From the very beginning, among the section's personnel there were: Rev. Józef Krukowski, Rev. Henryk Karbownik, Rev. Henryk Misztal, and professors who, despite their achievements and expertise, were not able to find employment at state universities because of their political views or activities: Adam Strzembosz, Wiesław Chrzanowski and Władysław Rostocki. The Legal Section continued to grow and new researchers were employed: Wojciech Łączkowski, Jan Widacki, Jerzy Wratny, Hanna Suchocka. In addition, the section admitted lecturers from other academic centers. From Maria Curie-Skłodowska University: Jan Ziembiński, Henryk Reniger, Andrzej Wąsek, Wanda Wójtowicz, Marek Kuryłowicz, Mirosław Granat; from the Jagiellonian University: Edward Drozd; from Warsaw University: Tadeusz Ereciński and Marek Safjan.

Faculty of Canon and Civil Law

 In 1989 the name of the faculty was again modified to the Faculty of Canon and Civil Law. Rev. Prof. Marian Stasiak was appointed to the post of the faculty dean and remained on his post until 1999. In the 1990’s, the following professors were employed at the Section of Law: Jan Świtka, Andrzej Szajkowski, Henryk Cioch, Józef Skoczylas, Stanisław Wrzosek and Kazimierz Kruczalak. Since the time of the Section revival, the number of young scholars has gradually increased; they are mostly the graduates of the Faculty of Law.

Faculty of Law, Canon Law and Administration

After establishing a new major of administration in 1999, the name of the faculty changed into the Faculty of Law, Canon Law and Administration. Today, the faculty is structured into four institutes: the Institute of Law, the Institute of Canon Law, the Institute of Administration and the Institute of  European Studies (created in 2009).

The faculty offers programs in five majors: law, business law, canon law, administration and European studies. The courses are full-time and part-time. Currently, faculty personnel totals 133 employees; there are 4,640 students, including 1,796 law students, 242 canon law students, 1,682 administration students and 266 undergraduates pursuing European studies. 222 graduates attend PhD programs. In addition the faculty offers a number of postgraduate courses.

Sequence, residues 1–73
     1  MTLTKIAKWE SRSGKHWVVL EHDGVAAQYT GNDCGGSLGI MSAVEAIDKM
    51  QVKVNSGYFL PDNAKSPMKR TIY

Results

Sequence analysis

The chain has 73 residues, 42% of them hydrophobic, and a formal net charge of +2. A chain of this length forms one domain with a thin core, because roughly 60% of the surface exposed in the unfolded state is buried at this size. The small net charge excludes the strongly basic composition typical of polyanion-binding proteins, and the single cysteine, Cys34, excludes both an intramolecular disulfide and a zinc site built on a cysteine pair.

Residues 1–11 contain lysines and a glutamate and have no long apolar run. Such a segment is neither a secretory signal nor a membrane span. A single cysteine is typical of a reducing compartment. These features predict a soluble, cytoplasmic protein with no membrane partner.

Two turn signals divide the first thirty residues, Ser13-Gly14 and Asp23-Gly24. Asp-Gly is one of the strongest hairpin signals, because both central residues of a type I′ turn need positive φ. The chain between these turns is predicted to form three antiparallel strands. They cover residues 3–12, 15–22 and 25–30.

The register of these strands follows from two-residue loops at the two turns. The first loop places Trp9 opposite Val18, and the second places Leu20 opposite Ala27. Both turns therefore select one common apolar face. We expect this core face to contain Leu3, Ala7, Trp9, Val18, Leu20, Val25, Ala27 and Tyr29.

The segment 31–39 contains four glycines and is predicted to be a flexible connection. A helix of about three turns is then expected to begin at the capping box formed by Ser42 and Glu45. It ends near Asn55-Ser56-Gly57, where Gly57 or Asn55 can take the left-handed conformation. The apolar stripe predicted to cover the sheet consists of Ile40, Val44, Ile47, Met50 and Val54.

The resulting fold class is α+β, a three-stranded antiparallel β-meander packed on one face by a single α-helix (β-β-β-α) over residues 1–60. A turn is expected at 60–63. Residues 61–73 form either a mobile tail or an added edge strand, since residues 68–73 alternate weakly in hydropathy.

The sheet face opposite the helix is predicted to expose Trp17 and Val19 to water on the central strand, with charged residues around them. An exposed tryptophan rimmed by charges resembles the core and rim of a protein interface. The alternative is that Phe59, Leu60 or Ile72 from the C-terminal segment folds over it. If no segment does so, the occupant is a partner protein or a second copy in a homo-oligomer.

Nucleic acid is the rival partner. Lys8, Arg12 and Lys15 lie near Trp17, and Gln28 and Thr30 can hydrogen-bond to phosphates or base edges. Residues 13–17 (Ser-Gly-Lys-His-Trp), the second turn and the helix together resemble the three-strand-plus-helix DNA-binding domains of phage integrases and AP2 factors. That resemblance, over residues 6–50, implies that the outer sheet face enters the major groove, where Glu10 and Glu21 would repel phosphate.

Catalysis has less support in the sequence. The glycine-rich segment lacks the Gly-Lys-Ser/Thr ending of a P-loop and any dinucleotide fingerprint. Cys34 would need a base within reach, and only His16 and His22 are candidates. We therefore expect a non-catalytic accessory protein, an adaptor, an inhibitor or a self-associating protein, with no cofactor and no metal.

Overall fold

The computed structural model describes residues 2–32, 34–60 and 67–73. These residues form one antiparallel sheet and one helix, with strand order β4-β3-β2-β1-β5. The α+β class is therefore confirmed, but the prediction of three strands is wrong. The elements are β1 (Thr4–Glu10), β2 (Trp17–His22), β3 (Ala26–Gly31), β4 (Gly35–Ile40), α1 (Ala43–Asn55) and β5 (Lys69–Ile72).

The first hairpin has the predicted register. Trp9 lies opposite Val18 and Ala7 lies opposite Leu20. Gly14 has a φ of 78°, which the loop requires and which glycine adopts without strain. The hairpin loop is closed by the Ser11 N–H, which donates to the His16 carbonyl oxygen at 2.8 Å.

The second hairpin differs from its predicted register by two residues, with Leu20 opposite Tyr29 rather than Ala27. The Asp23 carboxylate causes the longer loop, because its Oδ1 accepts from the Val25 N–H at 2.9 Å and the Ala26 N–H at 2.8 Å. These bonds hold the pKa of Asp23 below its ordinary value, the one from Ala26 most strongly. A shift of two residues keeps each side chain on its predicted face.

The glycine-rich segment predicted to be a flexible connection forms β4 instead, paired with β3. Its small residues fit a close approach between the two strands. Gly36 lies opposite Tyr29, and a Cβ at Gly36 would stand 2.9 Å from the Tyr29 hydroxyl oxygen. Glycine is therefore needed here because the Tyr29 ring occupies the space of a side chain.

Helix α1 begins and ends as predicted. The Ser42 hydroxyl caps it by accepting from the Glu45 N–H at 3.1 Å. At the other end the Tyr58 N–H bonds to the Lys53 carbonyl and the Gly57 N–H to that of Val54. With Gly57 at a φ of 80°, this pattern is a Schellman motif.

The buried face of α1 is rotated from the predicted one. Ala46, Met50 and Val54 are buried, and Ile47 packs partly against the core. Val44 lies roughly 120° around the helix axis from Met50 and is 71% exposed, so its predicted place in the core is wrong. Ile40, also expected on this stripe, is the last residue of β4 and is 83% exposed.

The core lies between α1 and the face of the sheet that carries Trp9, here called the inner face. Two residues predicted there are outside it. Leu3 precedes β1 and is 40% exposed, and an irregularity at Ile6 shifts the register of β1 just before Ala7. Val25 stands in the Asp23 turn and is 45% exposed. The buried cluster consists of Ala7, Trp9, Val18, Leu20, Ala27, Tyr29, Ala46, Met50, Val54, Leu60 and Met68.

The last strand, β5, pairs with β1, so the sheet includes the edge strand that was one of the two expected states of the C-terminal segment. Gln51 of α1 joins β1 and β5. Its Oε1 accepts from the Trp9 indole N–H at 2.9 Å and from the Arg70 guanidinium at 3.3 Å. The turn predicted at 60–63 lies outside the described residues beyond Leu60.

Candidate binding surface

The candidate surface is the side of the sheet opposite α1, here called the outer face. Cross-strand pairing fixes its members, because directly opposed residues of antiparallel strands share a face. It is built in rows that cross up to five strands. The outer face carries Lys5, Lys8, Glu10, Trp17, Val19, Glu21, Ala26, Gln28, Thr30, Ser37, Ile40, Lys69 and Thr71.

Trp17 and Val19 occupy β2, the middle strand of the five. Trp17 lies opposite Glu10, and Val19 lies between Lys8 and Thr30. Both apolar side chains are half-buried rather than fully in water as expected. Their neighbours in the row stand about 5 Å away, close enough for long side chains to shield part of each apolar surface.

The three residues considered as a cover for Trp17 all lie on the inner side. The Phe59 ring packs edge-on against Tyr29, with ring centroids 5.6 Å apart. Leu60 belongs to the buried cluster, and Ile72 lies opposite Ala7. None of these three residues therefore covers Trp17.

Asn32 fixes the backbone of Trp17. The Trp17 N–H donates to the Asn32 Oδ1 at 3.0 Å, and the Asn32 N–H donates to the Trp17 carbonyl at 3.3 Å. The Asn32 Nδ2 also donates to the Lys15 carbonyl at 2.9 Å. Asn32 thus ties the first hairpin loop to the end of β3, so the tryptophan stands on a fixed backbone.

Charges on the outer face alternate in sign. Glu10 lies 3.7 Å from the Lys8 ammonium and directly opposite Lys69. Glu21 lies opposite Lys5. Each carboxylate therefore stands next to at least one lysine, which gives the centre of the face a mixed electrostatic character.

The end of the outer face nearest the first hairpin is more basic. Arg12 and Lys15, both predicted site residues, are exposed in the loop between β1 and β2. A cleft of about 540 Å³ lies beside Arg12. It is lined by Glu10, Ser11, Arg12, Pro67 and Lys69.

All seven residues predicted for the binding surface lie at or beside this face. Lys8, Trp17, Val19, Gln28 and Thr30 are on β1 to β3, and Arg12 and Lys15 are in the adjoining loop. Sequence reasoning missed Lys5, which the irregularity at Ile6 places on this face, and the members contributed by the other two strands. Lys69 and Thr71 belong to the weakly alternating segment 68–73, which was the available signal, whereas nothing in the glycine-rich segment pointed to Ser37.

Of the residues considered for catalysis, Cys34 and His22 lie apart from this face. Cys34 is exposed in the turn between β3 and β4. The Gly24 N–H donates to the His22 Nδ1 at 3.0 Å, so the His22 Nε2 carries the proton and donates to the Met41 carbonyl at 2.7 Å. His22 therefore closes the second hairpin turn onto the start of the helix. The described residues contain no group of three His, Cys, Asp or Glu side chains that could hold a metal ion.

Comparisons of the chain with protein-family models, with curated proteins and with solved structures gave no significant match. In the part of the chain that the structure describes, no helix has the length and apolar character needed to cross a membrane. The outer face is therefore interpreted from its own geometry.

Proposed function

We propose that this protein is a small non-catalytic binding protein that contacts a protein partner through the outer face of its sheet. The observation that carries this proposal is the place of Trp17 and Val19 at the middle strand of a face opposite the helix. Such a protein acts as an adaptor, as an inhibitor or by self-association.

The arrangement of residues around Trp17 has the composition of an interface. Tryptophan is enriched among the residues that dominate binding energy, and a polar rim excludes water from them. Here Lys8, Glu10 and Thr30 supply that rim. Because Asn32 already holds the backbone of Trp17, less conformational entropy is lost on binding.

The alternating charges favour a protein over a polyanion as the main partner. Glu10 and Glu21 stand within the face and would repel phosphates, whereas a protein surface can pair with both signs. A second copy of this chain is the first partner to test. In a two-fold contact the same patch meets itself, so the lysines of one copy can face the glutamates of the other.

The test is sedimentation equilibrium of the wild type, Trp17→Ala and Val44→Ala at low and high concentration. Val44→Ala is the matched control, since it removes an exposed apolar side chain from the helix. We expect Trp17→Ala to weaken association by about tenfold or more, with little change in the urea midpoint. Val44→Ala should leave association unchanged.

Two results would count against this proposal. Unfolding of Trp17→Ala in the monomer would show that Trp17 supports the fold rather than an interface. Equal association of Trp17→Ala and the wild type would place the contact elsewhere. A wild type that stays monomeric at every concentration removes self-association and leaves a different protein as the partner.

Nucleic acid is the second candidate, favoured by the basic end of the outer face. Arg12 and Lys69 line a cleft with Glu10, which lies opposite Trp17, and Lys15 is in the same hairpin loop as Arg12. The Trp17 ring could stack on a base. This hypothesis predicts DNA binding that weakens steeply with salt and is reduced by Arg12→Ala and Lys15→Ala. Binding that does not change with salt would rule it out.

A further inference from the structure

An important element of the faculty’s involvement in the social and political reality is the cooperation with governmental and non-governmental organizations and contribution to the work of parliamentary committees. Their research activity is discernible through the organization and participation in international and national conferences and seminars that gather theorists and practitioners of law. podczas_wizyty_w_kijowskim_uniwersytecie_prawa_narodowej_akademii_nauk_ukrainy_-_20-22.12.2009_r.jpgTheir outcome is promoted through scientific publications on political and social reforms, European law, economic law, constitutional law, state finance, law of State - Church relations, concordat law or matrimonial law.

The faculty works in close collaboration with the legal academia in Europe and the U.S., for example: Pázmány Péter Catholic University in Budapest, Catholic University of Leuven, Catholic University of the Sacred Heart in Milan, Charles University in Prague, Vytautas Magnus University in Kaunas, Ivan Franko University in Lviv, Vilnius University, Aldo Moro University of Bari, Kiev National University and the universities in Alba Iulia, Sassari, Olomouc and Passau. Further, it cooperates with: Chicago-Kent College of Law, University of Notre Dame, the Canonical Institute in Podsdam (Kanonistischen Institut), the Congregation for the Causes of Saints, the Society for Legal Policy in Trier (Stiftung Gesellschaft für Rechtspolitik) and the Association for Religion and Religious Liberty in the European Union, based in Bischofsgrün (Gesellschaft für Religion und Religionsfreiheit in der Europäischen Union e.V.), the Slovakian Canonist Association and the Polish Canonist Association.